British Slang For Hungry (10 Examples)

Written by Gabriel Cruz - Foodie, Animal Lover, Slang & Language Enthusiast

Disclaimer: This post may contain affiliate links. As Amazon Associates we earn commission from qualifying purchases.

Being hungry is an irritating feeling, and you get no job done. But, an empty stomach won’t impede learning new vocabulary. If you want a play with words to impress your friends and colleagues, we listed down 10 British slang for hungry you could use.

British Slang For Hungry (In Alphabetical Order)

Could eat a horse

  • Meaning:
  • (Expression) the expression “could eat a horse” describes a person who is very hungry, he could eat a large meal. This is an exaggerated expression and British slang for hungry. The expression is also widely used globally.
  • Example: The training was so tiring, I could eat a horse!



  • Meaning:
  • (Adjective) “Empty” means nothing inside. The word has become British slang for “hungry” because when you are hungry, your stomach is empty. Today, it’s a common term used in British countries.
  • Example: I’m empty, let’s get a full course meal.



  • Meaning:
  • (Adjective) The word “famished” means that you have a desire to eat or a desire for food. It is commonly used as British slang for “hungry”. 
  • Example: Aren’t you famished after the long commute we just had?


Hank Marvin

  • Meaning:
  • (Expression) In the UK, “Mark Harvin” rhymes with “starving” because of the way the Brits pronounce the latter. Therefore, “Mark Harvin” has become a funny and witty British slang for “hungry”.
  • Example:  Let’s grab a bite to eat because I’m Mark Harvin.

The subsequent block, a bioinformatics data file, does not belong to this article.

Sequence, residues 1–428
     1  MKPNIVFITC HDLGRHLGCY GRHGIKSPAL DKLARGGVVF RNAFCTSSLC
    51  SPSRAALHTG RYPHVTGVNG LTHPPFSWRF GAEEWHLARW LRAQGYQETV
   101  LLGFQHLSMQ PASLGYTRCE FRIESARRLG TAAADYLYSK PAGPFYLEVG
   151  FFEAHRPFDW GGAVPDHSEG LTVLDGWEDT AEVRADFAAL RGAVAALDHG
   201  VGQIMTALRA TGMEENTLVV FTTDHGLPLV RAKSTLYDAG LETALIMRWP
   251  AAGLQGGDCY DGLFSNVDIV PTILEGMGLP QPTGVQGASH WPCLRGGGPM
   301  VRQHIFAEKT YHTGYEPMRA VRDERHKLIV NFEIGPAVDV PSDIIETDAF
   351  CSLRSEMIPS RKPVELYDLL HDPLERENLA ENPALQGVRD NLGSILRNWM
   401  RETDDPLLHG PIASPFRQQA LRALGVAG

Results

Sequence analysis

• Meaning:
  • (Adjective) “Peckish” means just a bit hungry. This British slang is used when you want to eat but are not completely hungry. It’s common British slang for “hungry” in the UK.
  • Example: I might just get a drink because I’m just peckish.



  • Meaning:
  • (Adjective) the word “ravenous” means you have a big appetite. This term is used as British slang for “hungry” and can is also used in countries like the US. 
  • Example: What a night full of activities! Now I’m feeling ravenous.


Rumbly in my tumbly

  • Meaning:
  • (Expression) The expression “rumbly in my tumbly” was first used in the children’s book Winnie the Pooh. today, it’s a funny expression and British slang for “hungry”. Some countries like the US use this expression as well.
  • Example: I could eat the whole cake for I’m rumbly in my tumbly.



  • Meaning:
  • (Adjective) The word “starved” is mostly used to initiate you were hungry in the past. It is common British slang for “hungry” and is mostly used by younger people today. You can also hear Americans use this slang.
  • Example: I was starved to death the other night because there was no food in the house.



  • Meaning:
  • (Adjective) “Starving” could mean you starve for perfection, or you are literally starving. Today, starving, just like starved, is common British slang for “hungry”. Usually, younger people often use this word.
  • Example: I hope this class ends soon because I’m starving.



  • Meaning:
  • (Adjective) The word ‘wolfish’ means you are hungry. It is an uncommon British term that only a few people use today. Wolfish is the same as hungry because wolves eat large amounts of food, and when you’re hungry, you feel like you can devour a whole chicken.
  • Example: I’m feeling wolfish already and it’s nowhere near lunch time!

Leave a Comment